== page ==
[0007] In operation, the skin effect may be influenced by a number of factors which may include: the size and shape of the conductor, the material of the conductor and the frequency of the current passing through the conductor. In a current shunt, the presence of the skin effect will result in the impedance of the shunt becoming a complex impedance, determined by these and other factors. Importantly, the complex impedance of a shunt will distort a waveform of a voltage across the shunt relative to the original waveform, resulting in a diminished value of the measured information represented by the waveform. An example of waveform distortion would be the introduction of frequency-dependent effects upon the waveform. Similarly, an accurate representation of a current waveform will also be lost due to the complex impedance caused by the skin effect.

[0008] If the original waveform, or even a closer approximation, of the voltage across the shunt were to be recoverable, the current waveform, proportional to the voltage waveform, could then be sampled, measured and analyzed in other ways. Increased accuracy provided by the availability of the original waveform would be highly beneficial, and a method to recover an original waveform from one distorted by the skin effect is sought.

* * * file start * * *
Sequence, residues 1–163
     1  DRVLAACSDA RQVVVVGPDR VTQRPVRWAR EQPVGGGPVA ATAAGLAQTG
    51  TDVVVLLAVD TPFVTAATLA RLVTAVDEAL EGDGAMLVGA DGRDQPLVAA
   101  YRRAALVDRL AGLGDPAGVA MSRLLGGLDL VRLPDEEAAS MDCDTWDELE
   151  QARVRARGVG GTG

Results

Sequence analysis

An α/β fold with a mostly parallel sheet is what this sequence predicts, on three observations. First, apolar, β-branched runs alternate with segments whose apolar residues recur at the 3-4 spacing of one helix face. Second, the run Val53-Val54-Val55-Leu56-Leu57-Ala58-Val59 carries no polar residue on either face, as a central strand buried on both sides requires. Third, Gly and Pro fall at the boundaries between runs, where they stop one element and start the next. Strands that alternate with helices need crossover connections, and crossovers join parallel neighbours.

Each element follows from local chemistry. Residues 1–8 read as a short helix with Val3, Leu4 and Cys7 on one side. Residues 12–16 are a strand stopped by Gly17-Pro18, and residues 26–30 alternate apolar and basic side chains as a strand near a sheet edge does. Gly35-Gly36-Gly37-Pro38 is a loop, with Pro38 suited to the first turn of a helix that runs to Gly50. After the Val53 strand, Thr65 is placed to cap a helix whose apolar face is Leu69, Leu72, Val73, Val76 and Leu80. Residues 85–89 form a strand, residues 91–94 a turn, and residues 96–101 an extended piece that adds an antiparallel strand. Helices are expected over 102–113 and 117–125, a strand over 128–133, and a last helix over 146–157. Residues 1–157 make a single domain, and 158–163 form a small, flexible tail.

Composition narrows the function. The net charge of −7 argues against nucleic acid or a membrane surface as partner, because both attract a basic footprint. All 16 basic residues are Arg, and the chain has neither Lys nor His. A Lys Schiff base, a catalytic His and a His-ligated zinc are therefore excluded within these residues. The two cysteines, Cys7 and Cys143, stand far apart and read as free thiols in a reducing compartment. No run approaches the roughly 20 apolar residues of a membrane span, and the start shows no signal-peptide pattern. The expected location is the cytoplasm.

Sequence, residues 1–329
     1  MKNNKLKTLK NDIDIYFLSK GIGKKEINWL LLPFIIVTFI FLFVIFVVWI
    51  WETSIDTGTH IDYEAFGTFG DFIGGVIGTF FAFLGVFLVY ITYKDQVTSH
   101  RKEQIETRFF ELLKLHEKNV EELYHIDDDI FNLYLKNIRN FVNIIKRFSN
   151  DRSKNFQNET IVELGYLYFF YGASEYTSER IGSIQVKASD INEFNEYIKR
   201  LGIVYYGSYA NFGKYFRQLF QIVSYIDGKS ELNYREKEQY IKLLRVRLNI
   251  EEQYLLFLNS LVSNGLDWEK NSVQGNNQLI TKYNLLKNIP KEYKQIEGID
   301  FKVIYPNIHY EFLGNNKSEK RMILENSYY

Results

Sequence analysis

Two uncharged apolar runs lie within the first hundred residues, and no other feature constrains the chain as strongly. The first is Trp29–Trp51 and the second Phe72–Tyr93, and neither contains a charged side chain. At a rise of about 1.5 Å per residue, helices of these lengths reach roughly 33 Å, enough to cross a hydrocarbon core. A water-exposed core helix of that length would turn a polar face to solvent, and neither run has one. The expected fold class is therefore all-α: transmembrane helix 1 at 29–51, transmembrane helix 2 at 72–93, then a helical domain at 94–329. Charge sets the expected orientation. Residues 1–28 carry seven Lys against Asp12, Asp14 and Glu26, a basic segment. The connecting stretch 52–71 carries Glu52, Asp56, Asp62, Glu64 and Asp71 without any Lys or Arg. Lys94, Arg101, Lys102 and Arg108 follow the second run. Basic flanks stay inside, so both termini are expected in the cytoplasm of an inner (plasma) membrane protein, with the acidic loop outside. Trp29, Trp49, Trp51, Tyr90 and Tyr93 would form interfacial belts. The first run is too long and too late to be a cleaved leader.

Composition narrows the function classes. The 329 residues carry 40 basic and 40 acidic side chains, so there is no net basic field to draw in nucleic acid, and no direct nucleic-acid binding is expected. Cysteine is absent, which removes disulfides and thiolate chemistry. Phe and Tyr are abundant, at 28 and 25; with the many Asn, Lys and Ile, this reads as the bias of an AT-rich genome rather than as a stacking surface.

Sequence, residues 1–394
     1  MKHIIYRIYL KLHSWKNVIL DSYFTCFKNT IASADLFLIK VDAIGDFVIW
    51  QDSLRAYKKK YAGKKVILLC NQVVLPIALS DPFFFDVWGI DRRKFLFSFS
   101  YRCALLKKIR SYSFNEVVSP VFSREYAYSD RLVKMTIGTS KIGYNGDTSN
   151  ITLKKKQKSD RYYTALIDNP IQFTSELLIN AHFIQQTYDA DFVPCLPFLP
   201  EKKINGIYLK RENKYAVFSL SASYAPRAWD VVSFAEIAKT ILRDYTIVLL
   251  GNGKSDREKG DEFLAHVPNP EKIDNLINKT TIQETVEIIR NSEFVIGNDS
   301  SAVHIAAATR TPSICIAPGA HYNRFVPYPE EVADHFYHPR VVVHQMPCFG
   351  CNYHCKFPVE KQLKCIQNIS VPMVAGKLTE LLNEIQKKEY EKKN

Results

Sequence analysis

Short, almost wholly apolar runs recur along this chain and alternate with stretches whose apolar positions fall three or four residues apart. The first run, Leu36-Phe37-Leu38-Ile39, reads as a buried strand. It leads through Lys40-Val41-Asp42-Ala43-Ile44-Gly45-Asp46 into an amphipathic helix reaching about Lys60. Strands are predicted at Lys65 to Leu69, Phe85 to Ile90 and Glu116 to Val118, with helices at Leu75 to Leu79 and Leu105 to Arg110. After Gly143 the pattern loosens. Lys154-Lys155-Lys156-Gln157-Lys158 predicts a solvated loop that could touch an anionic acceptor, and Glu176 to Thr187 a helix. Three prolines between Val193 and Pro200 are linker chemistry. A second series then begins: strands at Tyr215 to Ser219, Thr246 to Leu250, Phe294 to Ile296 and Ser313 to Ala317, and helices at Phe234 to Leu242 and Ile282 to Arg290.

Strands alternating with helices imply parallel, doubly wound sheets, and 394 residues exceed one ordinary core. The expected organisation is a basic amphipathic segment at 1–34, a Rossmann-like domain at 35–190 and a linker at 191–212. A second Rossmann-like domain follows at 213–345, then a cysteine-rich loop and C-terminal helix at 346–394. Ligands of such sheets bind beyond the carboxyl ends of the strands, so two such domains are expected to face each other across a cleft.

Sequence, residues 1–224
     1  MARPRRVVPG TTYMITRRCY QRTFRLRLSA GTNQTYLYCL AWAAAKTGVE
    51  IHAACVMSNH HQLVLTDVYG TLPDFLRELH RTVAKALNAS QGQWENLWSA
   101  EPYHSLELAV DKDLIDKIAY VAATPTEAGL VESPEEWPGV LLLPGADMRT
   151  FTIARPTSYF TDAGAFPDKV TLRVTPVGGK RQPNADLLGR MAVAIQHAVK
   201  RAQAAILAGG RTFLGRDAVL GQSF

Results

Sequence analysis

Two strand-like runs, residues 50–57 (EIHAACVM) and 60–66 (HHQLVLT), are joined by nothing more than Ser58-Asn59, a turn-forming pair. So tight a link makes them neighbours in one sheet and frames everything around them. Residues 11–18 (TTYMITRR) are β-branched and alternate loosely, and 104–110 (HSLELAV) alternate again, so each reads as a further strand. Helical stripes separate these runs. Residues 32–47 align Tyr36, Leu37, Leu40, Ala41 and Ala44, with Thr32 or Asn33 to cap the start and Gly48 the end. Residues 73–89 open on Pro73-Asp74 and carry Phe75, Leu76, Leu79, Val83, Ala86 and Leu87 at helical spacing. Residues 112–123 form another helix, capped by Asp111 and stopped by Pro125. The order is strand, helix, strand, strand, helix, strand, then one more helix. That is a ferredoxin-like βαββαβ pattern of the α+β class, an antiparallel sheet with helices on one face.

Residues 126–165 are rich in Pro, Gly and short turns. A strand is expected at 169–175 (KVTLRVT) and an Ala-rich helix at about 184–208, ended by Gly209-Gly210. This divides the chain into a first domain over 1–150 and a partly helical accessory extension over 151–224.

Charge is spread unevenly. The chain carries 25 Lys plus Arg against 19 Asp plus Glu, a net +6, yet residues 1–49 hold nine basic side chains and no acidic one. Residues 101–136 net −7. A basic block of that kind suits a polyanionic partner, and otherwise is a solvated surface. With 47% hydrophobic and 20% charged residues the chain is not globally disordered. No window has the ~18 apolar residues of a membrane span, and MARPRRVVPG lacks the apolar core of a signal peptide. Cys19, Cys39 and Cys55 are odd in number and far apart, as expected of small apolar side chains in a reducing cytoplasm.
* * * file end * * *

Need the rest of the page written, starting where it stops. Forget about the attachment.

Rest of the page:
SUMMARY OF THE INVENTION

[0009] A method and filter apparatus to compensate for waveform distortion in a shunt due to the skin effect are described. In one of its implementations, the method includes first modeling the shunt as parallel-connected branches of series-connected resistors and inductors to represent complex impedance values of paths through the shunt. It will be understood that the model described below is only an approximate model, used as an example, and other models may be used for the same or similar purpose. Describing the elements of the model begins with formulating an equation setting the inverse of the combined impedance, or admittance, of the filter equal to the summation of the inverses of individual complex impedances, or admittances, of the parallel branches, as follows. 1 iV 1

z filter R„ + j oL _{t }.

[0010] With the definitions below,